THE RECOVERY of a sophisticated bomb that U.S. officials believe was intended to be used in a suicide attack against the United States has underlined the reality that the war against al-Qaeda is not yet over — and that it will not necessarily end, as President Obama suggested last week, in Afghanistan.
Though many of the details of the latest plot have not been disclosed, officials say the bomb plot originated with al-Qaeda’s robust organization in Yemen, called al-Qaeda in the Arabian Peninsula, or AQAP. The group has tried repeatedly to attack U.S. targets in recent years: It launched the Christmas Day 2009 attack on an airliner by underwear bomber Umar Farouk Abdulmutallab and tried to send packages with explosives on cargo planes in 2010. The new bomb is described as a more sophisticated version of the underwear bomb.
The CIA’s disruption of the plot delivered another blow to a group that on Sunday also saw its external operations chief, Fahd al-Quso, killed in a drone attack in southern Yemen. AQAP, however, is far from crippled. The bomb maker who prepared the munitions for the various attacks, Ibrahim Hassan al-Asiri, is still at large, as are other senior leaders. An affiliated militia called Ansar al-Sharia has taken over large pieces of southern Yemen during the past year, while the country has been rocked by revolution and a multi-sided power struggle. On Monday the group assaulted a Yemeni military base, killing at least 20 soldiers.
The United States has carried out about 30 drone strikes and airstrikes in Yemen, according to the Long War Journal, a Web site that tracks drone operations. But the militants still have the potential to use the territory they control to prepare and launch attacks against the U.S. homeland, which is why the Obama administration now describes AQAP as the most active and threatening branch of al-Qaeda.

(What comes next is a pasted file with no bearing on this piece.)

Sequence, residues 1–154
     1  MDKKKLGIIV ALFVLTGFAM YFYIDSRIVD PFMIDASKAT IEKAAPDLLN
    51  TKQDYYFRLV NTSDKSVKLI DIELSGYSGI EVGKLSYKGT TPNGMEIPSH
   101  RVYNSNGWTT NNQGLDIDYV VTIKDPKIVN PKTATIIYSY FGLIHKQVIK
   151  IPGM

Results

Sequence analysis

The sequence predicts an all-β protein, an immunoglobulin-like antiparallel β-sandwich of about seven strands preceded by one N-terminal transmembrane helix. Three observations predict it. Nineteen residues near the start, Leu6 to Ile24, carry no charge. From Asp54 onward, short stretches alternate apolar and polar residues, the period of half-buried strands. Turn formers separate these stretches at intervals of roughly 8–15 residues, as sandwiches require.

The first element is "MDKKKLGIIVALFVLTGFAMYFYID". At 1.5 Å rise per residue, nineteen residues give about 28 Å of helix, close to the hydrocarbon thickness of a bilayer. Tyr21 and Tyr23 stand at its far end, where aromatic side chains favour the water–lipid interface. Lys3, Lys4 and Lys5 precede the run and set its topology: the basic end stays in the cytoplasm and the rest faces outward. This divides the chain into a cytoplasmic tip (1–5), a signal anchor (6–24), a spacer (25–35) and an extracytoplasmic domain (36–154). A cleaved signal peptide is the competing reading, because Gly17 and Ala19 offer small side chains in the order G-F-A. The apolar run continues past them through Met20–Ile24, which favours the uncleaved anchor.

It also explains why the White House recently authorized an expansion of drone attacks in Yemen. In addition to targeting designated leaders connected to plots against the United States, the new authority allows strikes against militants who are believed to be preparing attacks but whose identities might not be fully known.
The drone attacks are controversial, so it was fitting and commendable that White House counterterrorism adviser John O. Brennan delivered a speech last week publicly acknowledging and defending the program for the first time. His explanation was well founded: Drone attacks, he pointed out, are justified by Congress’s authorization of the use of force against al-Qaeda after Sept. 11, 2001, as well as by the principle of self-defense.
Critics describe drone strikes as “extra-judicial executions,” a term that implies those targeted are criminals who should be subject to the U.S. legal system. They also say that AQAP is not directly connected to the group that staged the 9/11 attacks. But senior leaders of AQAP worked closely with Osama bin Laden before 2001, and there are regular communications between the Yemen branch and the al-Qaeda base in Pakistan.
Most important, the latest bomb plot should make clear that AQAP is an armed group attempting to wage war against the United States. Drone strikes alone will not eliminate the threat: The United States must also aim at the political and economic stabilization of Yemen. But President Obama is not only justified in responding with military force, he is obligated to do so in order to defend the country.